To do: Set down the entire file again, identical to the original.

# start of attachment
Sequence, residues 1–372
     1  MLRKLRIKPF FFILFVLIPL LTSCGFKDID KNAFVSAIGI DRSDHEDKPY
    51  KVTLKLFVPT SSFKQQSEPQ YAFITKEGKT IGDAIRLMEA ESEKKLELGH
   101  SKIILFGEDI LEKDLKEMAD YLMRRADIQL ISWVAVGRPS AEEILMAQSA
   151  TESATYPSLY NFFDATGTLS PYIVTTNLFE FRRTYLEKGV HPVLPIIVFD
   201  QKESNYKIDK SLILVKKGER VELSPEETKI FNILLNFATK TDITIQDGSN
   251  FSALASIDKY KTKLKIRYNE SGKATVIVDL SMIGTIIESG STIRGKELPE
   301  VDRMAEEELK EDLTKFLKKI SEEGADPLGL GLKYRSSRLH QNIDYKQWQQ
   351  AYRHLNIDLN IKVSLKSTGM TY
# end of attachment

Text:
Sequence, residues 1–372
     1  MLRKLRIKPF FFILFVLIPL LTSCGFKDID KNAFVSAIGI DRSDHEDKPY
    51  KVTLKLFVPT SSFKQQSEPQ YAFITKEGKT IGDAIRLMEA ESEKKLELGH
   101  SKIILFGEDI LEKDLKEMAD YLMRRADIQL ISWVAVGRPS AEEILMAQSA
   151  TESATYPSLY NFFDATGTLS PYIVTTNLFE FRRTYLEKGV HPVLPIIVFD
   201  QKESNYKIDK SLILVKKGER VELSPEETKI FNILLNFATK TDITIQDGSN
   251  FSALASIDKY KTKLKIRYNE SGKATVIVDL SMIGTIIESG STIRGKELPE
   301  VDRMAEEELK EDLTKFLKKI SEEGADPLGL GLKYRSSRLH QNIDYKQWQQ
   351  AYRHLNIDLN IKVSLKSTGM TY